The article discusses the challenges before the Trichy City Corporation in achieving the vision of ‘ease living for all’. It also sheds light on how a slew of innovative initiatives undertaken by it, involving citizens in most of the programmes, have yielded good results.

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The southern Indian State of Tamil Nadu has 15 City Corporations which play a pivotal role in economic development. These 15 cities account for one-third of the State’s population and 11 among them were selected under the Smart Cities Mission to transform ease of living by adopting technology and innovative approaches. But cities in Tamil Nadu are facing many challenges due to the dearth of adequate civic facilities. Even after close to three decades of the reforms of the 74th Constitutional Amendment Act of 1992, which recognised the importance of local self-governments for the delivery of essential services, they are yet to be fully implemented.

The will of the people was time and again betrayed by the elected representatives who make the laws on behalf of the people. This was mainly due to two factors: the lack of citizens’ engagements in the implementation of policies by the authorities and the failure of the overall governance system in which the citizens’ role has been undermined. 

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Views expressed by the author are personal and need not reflect or represent the views of Centre for Public Policy Research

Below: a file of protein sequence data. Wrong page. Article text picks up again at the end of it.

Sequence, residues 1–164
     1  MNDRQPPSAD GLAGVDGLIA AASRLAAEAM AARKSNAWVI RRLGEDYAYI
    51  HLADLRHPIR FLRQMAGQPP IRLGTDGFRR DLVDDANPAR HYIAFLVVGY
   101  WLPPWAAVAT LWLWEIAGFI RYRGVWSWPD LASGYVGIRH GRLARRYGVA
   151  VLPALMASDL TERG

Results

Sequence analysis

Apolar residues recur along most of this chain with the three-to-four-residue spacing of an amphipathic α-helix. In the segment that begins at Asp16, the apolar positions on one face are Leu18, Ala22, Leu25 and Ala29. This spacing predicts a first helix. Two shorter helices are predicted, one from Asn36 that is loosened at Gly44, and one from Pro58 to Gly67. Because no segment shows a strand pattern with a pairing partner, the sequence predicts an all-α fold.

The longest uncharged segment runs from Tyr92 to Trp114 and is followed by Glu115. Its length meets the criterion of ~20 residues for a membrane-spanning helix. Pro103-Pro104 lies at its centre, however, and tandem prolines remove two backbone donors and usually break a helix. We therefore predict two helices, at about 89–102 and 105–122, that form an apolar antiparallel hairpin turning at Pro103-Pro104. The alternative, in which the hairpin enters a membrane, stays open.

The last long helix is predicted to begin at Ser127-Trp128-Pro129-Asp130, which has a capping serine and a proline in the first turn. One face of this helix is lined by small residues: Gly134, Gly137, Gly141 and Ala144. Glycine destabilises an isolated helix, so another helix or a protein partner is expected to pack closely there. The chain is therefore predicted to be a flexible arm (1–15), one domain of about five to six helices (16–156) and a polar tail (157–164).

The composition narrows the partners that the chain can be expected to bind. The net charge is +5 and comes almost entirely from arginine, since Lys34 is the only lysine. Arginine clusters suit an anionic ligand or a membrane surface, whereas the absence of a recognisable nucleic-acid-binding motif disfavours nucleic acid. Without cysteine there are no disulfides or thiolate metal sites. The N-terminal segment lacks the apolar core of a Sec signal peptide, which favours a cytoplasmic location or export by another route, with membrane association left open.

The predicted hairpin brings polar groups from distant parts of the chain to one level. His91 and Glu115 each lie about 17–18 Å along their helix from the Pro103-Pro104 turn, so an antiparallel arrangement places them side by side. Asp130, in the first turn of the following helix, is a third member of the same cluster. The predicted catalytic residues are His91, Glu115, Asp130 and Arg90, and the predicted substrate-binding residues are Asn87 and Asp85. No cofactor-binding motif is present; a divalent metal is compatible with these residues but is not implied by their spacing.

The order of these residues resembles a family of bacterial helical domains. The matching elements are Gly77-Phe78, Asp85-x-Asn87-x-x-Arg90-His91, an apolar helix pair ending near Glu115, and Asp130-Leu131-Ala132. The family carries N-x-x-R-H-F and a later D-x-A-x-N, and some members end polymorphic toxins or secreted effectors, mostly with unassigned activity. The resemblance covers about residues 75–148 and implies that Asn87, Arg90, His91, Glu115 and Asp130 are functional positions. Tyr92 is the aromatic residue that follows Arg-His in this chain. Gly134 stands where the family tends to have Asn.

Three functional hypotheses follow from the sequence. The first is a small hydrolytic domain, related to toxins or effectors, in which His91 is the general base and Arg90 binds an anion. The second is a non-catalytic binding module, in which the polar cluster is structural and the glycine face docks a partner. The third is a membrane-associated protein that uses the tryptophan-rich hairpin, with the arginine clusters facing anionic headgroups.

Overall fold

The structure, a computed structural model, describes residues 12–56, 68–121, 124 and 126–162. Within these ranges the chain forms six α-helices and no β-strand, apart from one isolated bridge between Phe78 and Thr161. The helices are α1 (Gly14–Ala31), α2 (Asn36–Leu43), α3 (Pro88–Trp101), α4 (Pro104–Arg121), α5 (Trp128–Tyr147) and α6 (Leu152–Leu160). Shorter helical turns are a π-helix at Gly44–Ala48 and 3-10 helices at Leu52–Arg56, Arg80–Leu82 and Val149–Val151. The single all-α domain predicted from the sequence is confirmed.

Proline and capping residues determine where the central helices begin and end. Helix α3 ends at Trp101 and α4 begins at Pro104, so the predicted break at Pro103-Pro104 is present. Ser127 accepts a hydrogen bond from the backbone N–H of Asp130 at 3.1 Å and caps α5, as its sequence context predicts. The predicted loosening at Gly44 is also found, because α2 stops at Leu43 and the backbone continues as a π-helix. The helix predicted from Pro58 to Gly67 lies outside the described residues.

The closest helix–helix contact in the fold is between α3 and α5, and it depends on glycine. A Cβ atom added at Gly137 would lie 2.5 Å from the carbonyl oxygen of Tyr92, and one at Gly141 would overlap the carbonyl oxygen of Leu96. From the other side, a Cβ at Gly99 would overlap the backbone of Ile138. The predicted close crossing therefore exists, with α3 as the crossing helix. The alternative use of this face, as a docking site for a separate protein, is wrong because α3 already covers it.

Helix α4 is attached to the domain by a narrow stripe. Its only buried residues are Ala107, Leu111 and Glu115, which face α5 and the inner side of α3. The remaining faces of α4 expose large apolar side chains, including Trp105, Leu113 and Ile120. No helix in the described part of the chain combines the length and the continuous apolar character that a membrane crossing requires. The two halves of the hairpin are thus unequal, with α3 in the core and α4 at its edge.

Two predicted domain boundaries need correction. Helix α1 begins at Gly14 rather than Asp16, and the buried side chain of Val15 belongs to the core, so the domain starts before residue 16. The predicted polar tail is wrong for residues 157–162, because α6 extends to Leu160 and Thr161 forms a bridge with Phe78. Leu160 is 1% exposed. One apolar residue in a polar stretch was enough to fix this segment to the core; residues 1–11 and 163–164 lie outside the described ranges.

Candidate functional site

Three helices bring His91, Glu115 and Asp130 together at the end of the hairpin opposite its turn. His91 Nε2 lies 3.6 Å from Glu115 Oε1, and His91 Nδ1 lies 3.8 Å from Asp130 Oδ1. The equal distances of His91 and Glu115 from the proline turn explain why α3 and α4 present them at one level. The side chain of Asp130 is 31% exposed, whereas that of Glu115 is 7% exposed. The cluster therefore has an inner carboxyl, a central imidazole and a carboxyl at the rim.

Chandrasekaran Balakrishnan
Chandrasekaran Balakrishnan
Chandrasekaran Balakrishnan is Research Fellow (Urban Eco-system and Skill Development) with CPPR and associated with our Centre for Urban Studies. Chandrasekaran has been working in the area of public policy for the last 14 years with the Central and State Governments in India, corporates, NGOs and academia. Chandrasekaran has published research articles on development economics—economics of education, vocational education and skills development, economic reforms, liberal vision for India, water management, regional development, city development, etc. He has authored a chapter in Routledge Handbook of the History of Global Economic Thought, 2014. He has an MA in Economics (University of Madras) and an MPhil in Social Sciences (Devi Ahilya Vishwavidyalaya University, Indore).

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